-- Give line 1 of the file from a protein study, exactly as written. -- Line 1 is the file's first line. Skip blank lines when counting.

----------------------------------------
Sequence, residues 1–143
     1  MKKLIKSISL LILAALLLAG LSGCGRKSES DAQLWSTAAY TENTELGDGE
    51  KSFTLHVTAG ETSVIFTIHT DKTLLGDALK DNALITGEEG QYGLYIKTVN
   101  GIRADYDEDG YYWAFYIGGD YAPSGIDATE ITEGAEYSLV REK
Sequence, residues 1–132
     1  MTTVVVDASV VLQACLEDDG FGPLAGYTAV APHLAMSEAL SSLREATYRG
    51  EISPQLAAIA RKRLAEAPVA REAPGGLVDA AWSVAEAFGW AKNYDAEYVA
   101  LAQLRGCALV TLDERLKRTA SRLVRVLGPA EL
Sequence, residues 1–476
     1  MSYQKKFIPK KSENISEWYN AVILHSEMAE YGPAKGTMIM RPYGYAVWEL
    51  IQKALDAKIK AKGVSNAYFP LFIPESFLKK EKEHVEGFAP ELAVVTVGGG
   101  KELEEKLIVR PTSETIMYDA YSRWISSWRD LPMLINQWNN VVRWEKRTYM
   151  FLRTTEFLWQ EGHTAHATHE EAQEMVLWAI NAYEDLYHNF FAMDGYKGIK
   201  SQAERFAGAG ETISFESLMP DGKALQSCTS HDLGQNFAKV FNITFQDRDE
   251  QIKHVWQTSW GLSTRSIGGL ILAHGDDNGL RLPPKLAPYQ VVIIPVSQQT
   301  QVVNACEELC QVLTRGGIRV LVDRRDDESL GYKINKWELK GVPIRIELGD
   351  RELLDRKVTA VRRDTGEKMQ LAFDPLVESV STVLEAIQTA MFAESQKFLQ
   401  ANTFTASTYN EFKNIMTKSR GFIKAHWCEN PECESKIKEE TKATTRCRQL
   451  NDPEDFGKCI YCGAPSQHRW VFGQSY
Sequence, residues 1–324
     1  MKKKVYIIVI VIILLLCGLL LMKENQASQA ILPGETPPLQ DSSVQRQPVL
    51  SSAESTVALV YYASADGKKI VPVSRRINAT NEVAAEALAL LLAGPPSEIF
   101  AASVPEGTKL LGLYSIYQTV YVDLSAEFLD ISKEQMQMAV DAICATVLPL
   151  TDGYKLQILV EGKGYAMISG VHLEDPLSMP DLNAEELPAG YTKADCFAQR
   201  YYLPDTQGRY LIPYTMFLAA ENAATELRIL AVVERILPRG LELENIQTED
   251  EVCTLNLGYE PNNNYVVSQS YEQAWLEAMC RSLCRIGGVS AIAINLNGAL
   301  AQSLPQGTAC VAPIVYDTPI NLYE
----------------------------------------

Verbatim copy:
Sequence, residues 1–143